A generation of children are growing up, many watching a Dr Who where a section of Anglo-Welsh-Scot society is presented as only important and highest point of civilization/life anywhere in the Universe, beyond serious criticism, and Others are monstrous, criminal, murderous, terrorist foreigners. This is why these episodes have been getting 4 or 5 star reviews in the Daily Telegraph/Mail.

  4. Blair Breton says:

    Sounded dictatorial and rudely treated the journalists with dismissive next. A Goverment that suspends court action, breaks international agreements is aligned with Lukeshenko and Putin. Authoritian, and a dictator. Surely deliberately breaking international agreements is mis conduct in a public office?

  5. John says:

    I was a long time Labour supporter and in my younger days did look at SNP as not really a proper respectable political party. I also viewed independence through this prism. This was the default position of many so called liberally minded people in Scotland in 70’s & 80’s. The long years of Tory rule followed by Labour rule post 2001 (especially Iraq war) forced me to reevaluate my views. After a long process of reevaluation I now support independence for Scotland- partly due to revulsion of Westminster based AngloBritish nationalism (Brexit, union jacks everywhere etc), but also because I now believe that Scotland can only flourish both socially and economically if it detaches itself from Westminster rule.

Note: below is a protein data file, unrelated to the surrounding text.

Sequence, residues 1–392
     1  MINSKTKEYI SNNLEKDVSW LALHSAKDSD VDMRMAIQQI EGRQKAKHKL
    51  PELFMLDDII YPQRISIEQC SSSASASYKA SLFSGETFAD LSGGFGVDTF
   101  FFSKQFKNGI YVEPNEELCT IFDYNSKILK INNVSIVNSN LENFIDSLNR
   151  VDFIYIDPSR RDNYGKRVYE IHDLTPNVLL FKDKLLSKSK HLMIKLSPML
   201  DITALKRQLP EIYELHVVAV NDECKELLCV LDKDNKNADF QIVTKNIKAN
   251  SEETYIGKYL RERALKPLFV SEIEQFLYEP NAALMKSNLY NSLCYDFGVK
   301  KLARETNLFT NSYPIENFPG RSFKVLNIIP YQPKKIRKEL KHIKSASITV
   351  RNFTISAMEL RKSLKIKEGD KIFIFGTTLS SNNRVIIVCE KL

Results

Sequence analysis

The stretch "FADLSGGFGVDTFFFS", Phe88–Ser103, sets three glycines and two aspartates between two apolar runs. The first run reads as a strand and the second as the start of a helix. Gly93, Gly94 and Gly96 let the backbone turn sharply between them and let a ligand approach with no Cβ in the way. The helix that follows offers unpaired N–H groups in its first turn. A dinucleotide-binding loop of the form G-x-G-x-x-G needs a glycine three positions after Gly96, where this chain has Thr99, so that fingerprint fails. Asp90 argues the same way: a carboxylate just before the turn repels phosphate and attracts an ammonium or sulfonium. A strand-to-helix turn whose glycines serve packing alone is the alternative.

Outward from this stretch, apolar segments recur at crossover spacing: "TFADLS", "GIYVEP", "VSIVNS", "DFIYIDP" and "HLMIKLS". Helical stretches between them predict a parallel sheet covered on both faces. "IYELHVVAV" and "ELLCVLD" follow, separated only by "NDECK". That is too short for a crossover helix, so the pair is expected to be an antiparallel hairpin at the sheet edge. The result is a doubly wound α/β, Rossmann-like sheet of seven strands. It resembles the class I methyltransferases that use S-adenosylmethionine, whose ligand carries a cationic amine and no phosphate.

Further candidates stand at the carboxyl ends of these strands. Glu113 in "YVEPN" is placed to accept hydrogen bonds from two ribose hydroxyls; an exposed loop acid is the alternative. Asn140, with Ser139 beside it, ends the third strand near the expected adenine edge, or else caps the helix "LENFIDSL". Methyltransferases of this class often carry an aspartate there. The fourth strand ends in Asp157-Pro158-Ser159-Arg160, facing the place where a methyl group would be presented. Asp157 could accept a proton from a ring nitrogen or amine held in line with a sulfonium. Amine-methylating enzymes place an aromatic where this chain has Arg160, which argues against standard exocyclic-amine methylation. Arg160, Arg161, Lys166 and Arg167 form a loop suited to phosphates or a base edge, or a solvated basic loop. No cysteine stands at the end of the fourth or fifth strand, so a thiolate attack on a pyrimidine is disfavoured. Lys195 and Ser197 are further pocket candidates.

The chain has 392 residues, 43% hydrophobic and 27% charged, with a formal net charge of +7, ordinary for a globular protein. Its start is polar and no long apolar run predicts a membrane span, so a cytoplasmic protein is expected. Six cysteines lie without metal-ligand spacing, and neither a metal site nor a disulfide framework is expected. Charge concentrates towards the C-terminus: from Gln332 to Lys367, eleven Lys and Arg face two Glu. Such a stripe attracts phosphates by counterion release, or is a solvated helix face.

What I see in Kenny Farquarson’s and many others reporting in media and at Westminster is not a critique of SNP policies but the same lack of acceptance that support for Scottish independence is a point of view that deserves any respect that I once had and that the case for independence and those that promote it should be demonised at every opportunity. This approach has become far more strident since the scare of 2014 referendum, the rise of SNP support and the lack of a positive case for the continuation of union in Scotland